NO.160 Fuzzing and Symbolic Execution: Reflections, Challenges, and Opportunities

Shonan Village Center

September 24 - 27, 2019 (Check-in: September 23, 2019 )


  • Marcel Boehme
    • Monash University, Australia
  • Cristian Cadar
    • Imperial College London, UK
  • Abhik Roychoudhury
    • NUS, Singapore


The problem of finding software errors by automated input generation—i.e., automated software testing—is currently investigated within several mostly isolated academic research communities:

  1. The symbolic execution (SE) research community casts testing as a constraint satisfaction problem and studies formal approaches to automated software testing.
  2. The search-based software testing (SBST) research community casts testing as an optimization problem and studies metaheuristics, such as genetic algorithms, to tackle automated software testing.
  3. The fuzzing research community is interested particularly in exposing security flaws in critical software systems, and leverages both techniques, with substantial recent success in an area called coverage-based greybox fuzzing.

This problem has also received significant attention from the industry. The industry is interested in finding errors at the very large scale, with several notable examples discussed next. Google is running the OSS-Fuzz project which has found thousands of errors in security-critical open source projects over the last three years. Microsoft is running Project Springfield, a cloud-based testing-as-a-service framework. Facebook has successfully deployed an automated Android testing tool, Sapienz, which is tightly integrated in their Continuous Deployment process.


Despite the shared high-level objective, there has been little interaction across these communities. As a concrete example, the fuzzing community leverages a compact terminology that is very different from that of the SE and SBST communities. The fuzzing community publishes in security venues (CCS, NDSS, S&P, TIFS) while the SE and SBST communities publish in software engineering venues (ICSE, FSE, ISSTA, ASE, TSE, TOSEM). Many ideas that have long been discussed in the SE and SBST communities are now being re-discovered in the fuzzing community.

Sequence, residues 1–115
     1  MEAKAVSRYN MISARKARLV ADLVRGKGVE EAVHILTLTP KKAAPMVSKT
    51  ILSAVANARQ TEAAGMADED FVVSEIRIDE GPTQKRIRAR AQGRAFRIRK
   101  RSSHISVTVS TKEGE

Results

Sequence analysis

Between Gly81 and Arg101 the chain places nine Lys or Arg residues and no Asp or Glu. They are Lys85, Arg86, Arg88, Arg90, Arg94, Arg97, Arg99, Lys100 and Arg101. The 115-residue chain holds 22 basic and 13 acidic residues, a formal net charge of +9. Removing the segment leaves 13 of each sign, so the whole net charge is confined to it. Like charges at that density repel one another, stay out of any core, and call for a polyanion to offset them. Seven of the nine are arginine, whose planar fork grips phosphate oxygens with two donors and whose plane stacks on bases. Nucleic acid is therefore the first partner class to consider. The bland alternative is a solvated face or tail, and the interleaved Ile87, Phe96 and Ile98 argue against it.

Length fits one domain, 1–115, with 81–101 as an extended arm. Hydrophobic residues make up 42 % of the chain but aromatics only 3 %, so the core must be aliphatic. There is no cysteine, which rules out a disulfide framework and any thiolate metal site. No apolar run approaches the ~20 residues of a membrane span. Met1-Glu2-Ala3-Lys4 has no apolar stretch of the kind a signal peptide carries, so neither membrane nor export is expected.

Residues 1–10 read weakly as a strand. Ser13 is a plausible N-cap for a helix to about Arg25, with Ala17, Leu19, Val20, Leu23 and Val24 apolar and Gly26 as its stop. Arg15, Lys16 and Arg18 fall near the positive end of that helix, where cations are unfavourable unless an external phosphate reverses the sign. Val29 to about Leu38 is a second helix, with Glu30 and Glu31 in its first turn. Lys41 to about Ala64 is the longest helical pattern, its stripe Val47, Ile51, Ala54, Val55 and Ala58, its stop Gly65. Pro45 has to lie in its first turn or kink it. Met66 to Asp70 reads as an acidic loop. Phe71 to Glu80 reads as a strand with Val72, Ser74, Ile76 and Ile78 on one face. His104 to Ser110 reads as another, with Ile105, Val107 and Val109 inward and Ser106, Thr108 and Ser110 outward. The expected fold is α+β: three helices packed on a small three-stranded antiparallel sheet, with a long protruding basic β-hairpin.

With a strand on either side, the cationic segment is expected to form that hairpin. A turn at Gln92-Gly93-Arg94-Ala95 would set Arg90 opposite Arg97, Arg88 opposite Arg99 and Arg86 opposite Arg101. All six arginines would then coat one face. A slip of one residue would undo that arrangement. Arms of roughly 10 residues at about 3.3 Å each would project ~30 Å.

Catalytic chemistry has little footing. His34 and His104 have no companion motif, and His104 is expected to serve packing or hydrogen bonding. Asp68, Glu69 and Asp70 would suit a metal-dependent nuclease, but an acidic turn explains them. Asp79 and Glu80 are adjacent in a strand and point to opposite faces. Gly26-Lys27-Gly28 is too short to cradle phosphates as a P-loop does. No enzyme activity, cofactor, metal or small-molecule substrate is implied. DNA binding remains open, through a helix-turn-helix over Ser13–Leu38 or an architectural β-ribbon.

The research communities have much to learn from industry, too. Driven by the need for scale and enabled by the availability of abundant computational resources, members of the industry have developed some of the most advanced and highly efficient automated testing tools. Much can be learned by studying these tools from a research perspective. On the one hand, industry has found practical solutions to open research problems. On the other hand, the industry faces interesting practical challenges that are yet unbeknownst to the research community. It is our position that the proposed meeting can help establish a conversation.


It is the purpose of this meeting to bring together the thought leaders, distinguished researchers, tool builders, founders, and promising young researchers from each of these communities. We will discuss recent advances and open challenges in automated software testing (with specific focus on security vulnerability detection) through the lens of both research and industry. We will review the state of the art, establish common ground, and discuss a roadmap of important problems to address in the near- and long-term. We plan to document the results of this meeting for the larger research community and publish in an appropriate outlet. We hope that this meeting sparks new collaborations across research communities, between research and industry, and among individuals with vastly different backgrounds and expertise. We also hope the meeting invigorates and accelerates research on software vulnerability detection by building and extending the theoretical foundation as well as by providing practical and immediate benefit to the industry.

Why now?

We feel that the current moment is suitable for such a workshop because the various individual technologies have gained maturity and hence a conversation across the subcommunities should be productive. The symbolic execution community has gained prominence with the development of mature tools like KLEE. The fuzz testing community has seen an explosion of works in the recent years, starting with the work of AFLFast which studies the science behind greybox fuzzing. Meanwhile the SBST community has also developed mature technologies like Evosuite. At the same time, all of these techniques could potentially benefit from learning approaches which glean information about the input domain or the application processing it. In this meeting, we plan to discuss the common themes behind these techniques and identify the research opportunities in terms of crossfertilization. A concrete outcome of the meeting will be a review article of these areas published in a journal such as IEEE Transactions on Software Engineering.